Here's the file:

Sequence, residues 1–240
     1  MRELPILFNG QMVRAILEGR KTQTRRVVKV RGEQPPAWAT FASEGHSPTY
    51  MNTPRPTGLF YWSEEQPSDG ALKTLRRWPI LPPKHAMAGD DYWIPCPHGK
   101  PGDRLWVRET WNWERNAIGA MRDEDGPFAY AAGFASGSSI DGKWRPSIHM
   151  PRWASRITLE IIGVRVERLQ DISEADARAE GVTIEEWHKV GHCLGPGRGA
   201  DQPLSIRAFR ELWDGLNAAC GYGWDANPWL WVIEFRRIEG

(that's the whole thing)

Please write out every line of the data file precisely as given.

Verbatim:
Sequence, residues 1–240
     1  MRELPILFNG QMVRAILEGR KTQTRRVVKV RGEQPPAWAT FASEGHSPTY
    51  MNTPRPTGLF YWSEEQPSDG ALKTLRRWPI LPPKHAMAGD DYWIPCPHGK
   101  PGDRLWVRET WNWERNAIGA MRDEDGPFAY AAGFASGSSI DGKWRPSIHM
   151  PRWASRITLE IIGVRVERLQ DISEADARAE GVTIEEWHKV GHCLGPGRGA
   201  DQPLSIRAFR ELWDGLNAAC GYGWDANPWL WVIEFRRIEG